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India, USA ink key defence accord

The USA stands with India in its efforts to defend its sovereignty: Pompeo

Ashok Tuteja | New Delhi |

Consolidating their multifaceted relationship, India and the USA today signed five accords, including the Basic Exchange and Cooperation Agreement (BECA) that will provide India access to crucial information in any potential military conflict, as US Secretary of State Mike Pompeo said that the two countries were strengthening cooperation to meet any threat from China.

“I am glad to say the United States and India are taking steps for cooperation against all manners of threats and not just those posed by the Chinese Communist Party. Our leaders and our citizens see with increasing clarity that the Chinese Communist Party is no friend to democracy, the rule of law, transparency, the freedom of navigation [which is] the foundation of a free and prosperous Indo-Pacific,” said Pompeo in hard-hitting remarks against Beijing at a joint press conference with Defence Minister Rajnath Singh, External Affairs Minister S Jaishankar and US Secretary of Defence Mark T Esper at the end of the third India-US ‘2+2’ ministerial dialogue.

The US Secretary of State indicated that China’s aggressive posturing against all its neighbours was discussed at length during the dialogue in the context of global developments. He said he and Esper had also visited the National War Memorial in New Delhi to honour men and women of the Indian armed forces, including the 20 soldiers killed by Chinese troops at the Galwan Valley in eastern Ladakh on 15 June.

‘’The US stands with India as they confront threats to their sovereignty, liberty,’’ the American leader added in an obvious reference to the ongoing Sino-Indian military stand-off at eastern Ladakh.

Even as Pompeo reiterated that Covid-19 originated from Wuhan in China, the two countries reaffirmed their resolve to jointly confront challenges emerging from the pandemic.

Esper too expressed solidarity with India in the face of its border row with China.

‘’Based on our shared values and common interests, we stand shoulder-toshoulder in support of a free and open Indo-Pacific for all, particularly in light of increasing aggression and destabilising activities by China,’’ he said.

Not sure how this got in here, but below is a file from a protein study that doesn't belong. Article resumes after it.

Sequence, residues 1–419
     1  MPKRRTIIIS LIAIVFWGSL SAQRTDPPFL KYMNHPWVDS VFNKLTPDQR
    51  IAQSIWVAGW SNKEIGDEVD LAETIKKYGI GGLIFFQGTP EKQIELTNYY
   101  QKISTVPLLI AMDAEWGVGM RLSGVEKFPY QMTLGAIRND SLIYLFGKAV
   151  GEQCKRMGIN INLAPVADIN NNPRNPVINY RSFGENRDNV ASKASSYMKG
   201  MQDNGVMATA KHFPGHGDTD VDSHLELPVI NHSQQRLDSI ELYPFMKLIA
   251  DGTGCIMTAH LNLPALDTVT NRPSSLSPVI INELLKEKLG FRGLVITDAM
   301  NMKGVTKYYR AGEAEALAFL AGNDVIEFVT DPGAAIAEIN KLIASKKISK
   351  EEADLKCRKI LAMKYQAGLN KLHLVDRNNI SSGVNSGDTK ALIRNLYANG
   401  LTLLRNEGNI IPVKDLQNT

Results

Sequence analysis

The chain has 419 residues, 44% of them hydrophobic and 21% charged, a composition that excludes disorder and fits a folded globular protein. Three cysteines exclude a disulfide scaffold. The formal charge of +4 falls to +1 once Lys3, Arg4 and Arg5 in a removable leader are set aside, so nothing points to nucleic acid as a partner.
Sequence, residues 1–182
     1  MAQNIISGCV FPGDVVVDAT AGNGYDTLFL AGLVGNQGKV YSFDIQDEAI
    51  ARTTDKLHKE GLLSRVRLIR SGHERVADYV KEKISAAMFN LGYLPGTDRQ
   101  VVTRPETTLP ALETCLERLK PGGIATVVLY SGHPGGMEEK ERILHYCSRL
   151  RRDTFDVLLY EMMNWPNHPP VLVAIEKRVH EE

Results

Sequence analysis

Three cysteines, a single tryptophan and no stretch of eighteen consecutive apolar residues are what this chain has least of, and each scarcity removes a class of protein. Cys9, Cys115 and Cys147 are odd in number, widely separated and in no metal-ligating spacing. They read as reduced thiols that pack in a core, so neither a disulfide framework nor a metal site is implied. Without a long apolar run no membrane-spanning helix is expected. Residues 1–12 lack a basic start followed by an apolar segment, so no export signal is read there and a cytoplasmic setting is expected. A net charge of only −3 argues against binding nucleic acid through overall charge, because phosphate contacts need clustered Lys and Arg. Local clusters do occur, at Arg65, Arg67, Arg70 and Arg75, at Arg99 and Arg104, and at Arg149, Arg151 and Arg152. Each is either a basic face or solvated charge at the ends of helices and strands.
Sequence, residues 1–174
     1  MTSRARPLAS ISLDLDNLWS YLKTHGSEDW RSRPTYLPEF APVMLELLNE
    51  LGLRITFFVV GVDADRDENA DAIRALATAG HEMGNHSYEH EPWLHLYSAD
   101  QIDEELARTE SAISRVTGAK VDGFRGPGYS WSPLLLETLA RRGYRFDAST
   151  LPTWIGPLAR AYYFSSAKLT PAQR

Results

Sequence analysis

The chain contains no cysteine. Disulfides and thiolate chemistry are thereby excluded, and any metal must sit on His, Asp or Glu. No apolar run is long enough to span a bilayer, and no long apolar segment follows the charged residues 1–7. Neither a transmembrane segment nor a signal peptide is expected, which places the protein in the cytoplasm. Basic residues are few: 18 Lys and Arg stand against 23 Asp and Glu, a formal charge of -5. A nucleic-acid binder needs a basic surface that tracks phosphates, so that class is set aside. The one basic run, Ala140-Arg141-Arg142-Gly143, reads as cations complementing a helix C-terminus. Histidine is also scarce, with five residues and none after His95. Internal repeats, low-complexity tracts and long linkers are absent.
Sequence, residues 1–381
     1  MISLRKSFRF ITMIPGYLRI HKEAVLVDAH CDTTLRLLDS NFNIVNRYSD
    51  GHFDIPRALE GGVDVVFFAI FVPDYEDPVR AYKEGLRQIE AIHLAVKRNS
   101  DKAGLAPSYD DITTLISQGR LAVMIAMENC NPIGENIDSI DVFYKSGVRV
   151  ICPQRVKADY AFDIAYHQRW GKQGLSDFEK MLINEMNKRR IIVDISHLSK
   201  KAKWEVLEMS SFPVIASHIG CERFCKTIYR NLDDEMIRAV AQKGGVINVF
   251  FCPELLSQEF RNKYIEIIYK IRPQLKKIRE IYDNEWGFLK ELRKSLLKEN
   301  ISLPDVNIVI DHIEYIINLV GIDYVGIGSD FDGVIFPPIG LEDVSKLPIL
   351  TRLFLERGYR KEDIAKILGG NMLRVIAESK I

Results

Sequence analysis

The Indian ministers, however, carefully avoided any direct reference to China but both of them reiterated the importance of peace, stability and prosperity for all countries in this IndoPacific region where Beijing is locked in maritime disputes with a number of countries.

In the context of Pakistan, a joint statement said the two countries called on Islamabad to take immediate, sustained and irreversible action to ensure that no territory under its control was used for terrorist attacks, and to expeditiously bring to justice the perpetrators and planners of all such attacks, including 26/11 Mumbai, Uri, and Pathankot.

Jaishankar made it clear to the American side that cross-border terrorism was completely unacceptable to India. On Afghanistan, Jaishankar told the American ministers that India’s stakes in its security and stability was evident as also New Delhi’s willingness to contribute to international efforts to that end.

For his part, Rajnath Singh said the two countries explored probable capacity building and other joint cooperation activities in third countries, including the neighbourhood and beyond. As far as the accords between the two sides are concerned, BECA is the fourth and final “foundational” understanding the USA has with India to promote geo-spatial cooperation, allowing New Delhi access to a range of topographical, nautical and aeronautical data considered key to map hostile movements and precise and real-time information on enemy positions accessed from US military satellites during a potential border conflict.

The other agreements are on cooperation in earth observations and earth sciences; nuclear energy, electronic exchange of customs data between postal operators and research in the field of ayurveda and cancer.